Since muscles rarely fossilize and when they do only the major muscles are discernible, reconstructing pterosaur myology (muscle, tendons and ligaments) depends on analogy with living taxa and the correct identification of muscle scars. Papers on musculature in living taxa are also rare. Virginia Abdala, an expert in this niche, sent my papers from 1939 and 1946, along with her own work.
According to the large reptile tree, among living reptiles pterosaurs are most closely related to Sphenodon, a basal lepidosaur, and Varanus (Fig. 1) a living lizard (squamate), so we make comparisons to them. All traditional paleontologists, just so you know, think birds and crocs are the closest living relatives, but then they are not referencing the only study – ever- that gives lizards a fair shake.
While most muscle anchors on these two lepidosaurs are the same, some shifts have taken place on the wrist anchors. In Sphenodon most of the extensor digitorum brevis anchors are on the intermedium, while in Varanus all have shifted to the ulnare. The intermedium, the former anchor, is a vestige in Varanus. Establishing those shifts sets us up for the possibility of shifting wrist extensor anchors in the phylogenetic ancestors of pterosaurs (Fig. 2). This is key, especially when you get to taxa in which the carpals are poorly ossified.
A strange thing happens in Huehuecuetzpalli. Only the ulnare ossifies. The rest of the carpal elements, it appears from the evidence of phylogenetic bracketing (Fig. 2) are undergoing a transformation/migration. Basal tritosaurs. When the carpal elements re-ossify in Cosesaurus the two centralia are missing and a pteroid and preaxial carpal are present on the medial margin of the wrist (Fig. 3).
The shift in the two centralia corresponds to a shift in morphology elsewhere in the anatomy of Cosesaurus, including the development of a pterosaur-like pectoral girdle that enabled flapping. Huehuecuetzpalli does not demonstrate such changes, but it does have proportions similar to those of living lizards capable of bipedal locomotion, such as Chlamydosaurus, the frilled lizard.
No large extensors were anchored to the two centralia in Sphenodon or Varanus. In Sphenodon a small extensor was anchored to the medial centralia, but it attached to digit 1. Any large extensors that might have anchored on the preaxial carpal would have had to migrate there.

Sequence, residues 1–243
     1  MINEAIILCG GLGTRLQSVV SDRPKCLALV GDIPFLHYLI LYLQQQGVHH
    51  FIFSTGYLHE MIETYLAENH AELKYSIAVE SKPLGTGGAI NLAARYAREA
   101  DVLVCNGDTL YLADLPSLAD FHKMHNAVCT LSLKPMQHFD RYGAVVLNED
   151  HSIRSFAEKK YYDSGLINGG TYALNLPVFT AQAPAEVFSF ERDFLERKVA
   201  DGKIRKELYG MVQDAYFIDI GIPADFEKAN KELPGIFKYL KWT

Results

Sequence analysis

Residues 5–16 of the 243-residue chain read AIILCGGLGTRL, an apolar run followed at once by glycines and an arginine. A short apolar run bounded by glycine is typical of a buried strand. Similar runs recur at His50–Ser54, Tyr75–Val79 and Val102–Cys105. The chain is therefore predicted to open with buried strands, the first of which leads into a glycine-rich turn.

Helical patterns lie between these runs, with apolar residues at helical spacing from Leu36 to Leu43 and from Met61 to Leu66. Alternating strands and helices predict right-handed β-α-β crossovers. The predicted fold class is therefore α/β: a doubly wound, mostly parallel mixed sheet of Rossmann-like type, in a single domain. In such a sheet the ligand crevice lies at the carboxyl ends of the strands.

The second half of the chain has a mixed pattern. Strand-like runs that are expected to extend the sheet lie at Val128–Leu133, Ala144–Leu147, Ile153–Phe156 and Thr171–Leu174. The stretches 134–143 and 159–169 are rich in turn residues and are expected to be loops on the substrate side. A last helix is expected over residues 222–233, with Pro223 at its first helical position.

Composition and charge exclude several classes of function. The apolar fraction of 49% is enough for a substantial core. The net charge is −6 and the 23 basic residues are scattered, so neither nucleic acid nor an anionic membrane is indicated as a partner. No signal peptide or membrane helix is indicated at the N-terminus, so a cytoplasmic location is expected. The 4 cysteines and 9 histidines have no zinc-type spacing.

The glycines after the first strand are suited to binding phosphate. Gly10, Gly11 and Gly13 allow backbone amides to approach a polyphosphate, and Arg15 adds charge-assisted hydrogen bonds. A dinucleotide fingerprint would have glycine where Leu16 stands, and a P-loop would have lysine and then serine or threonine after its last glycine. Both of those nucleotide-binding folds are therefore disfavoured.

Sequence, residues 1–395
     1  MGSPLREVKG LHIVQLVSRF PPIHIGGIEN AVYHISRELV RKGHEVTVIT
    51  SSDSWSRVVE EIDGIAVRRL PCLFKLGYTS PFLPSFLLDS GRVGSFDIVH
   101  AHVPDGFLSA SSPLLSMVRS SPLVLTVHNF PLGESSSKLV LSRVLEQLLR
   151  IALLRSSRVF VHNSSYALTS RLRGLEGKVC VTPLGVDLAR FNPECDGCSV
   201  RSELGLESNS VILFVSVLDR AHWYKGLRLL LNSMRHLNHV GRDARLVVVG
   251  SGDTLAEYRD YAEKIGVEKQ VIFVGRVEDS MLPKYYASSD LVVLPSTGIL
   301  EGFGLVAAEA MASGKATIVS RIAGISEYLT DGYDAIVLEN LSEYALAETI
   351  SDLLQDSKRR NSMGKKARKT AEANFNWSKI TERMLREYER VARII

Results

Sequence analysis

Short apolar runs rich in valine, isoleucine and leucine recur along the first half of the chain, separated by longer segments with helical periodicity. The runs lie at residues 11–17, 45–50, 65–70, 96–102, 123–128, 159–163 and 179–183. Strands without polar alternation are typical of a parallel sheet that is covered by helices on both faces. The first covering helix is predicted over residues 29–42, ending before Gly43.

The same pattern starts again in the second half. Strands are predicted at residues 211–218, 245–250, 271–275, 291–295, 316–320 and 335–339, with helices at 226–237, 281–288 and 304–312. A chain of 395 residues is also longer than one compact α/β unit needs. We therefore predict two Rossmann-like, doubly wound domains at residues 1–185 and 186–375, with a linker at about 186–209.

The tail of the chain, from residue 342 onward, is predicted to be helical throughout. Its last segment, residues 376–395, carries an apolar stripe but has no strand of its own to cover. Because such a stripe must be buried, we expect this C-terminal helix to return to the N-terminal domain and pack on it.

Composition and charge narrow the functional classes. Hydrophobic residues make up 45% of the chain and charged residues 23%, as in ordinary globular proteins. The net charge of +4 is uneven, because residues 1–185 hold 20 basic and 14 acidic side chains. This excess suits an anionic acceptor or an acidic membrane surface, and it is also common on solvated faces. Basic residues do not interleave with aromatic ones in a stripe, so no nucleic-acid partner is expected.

More evidence of migration
In many basal tritosaur lepidosaurs more derived than Huehuecuetzpalli many of the carpals are poorly ossified. For instance, Tanystropheus ossifies the radiale, ulnare and distal tarsal 4. However in Dinocephalosaurus, a phylogenetic descendant of Macrocnemus you find a well ossified carpus that demonstrates the migration of the centralia to the medial wrist. In this case (Fig. 6), only one centralia is ossified.
On the other hand, in drepanosaurs (arboreal tritosaurs) basal members have poorly ossified carpals, but Drepanosaurus and Megalancosaurus ossify all the carpals with the exception of the radiale. The intermedium and ulnare become elongated. The centralia of derived drepanosaurs remain in the middle of the wrist.
Tomorrow we’ll see more pterosaur arms and muscles.
Bennett SC 2008. Morphological evolution of the forelimb of pterosaurs: myology and function. Pp. 127–141 in E Buffetaut and DWE Hone eds., Flugsaurier: pterosaur papers in honour of Peter Wellnhofer. Zitteliana, B28.
Haines RW 1939. A revision of the extensor muscles of the forearm in tetrapods. Journal of Anatomy 73:211-233.
Haines RW 1946. A revision of the movements of the forearm in tetrapods. Journal of Anatomy 80: 1-11.
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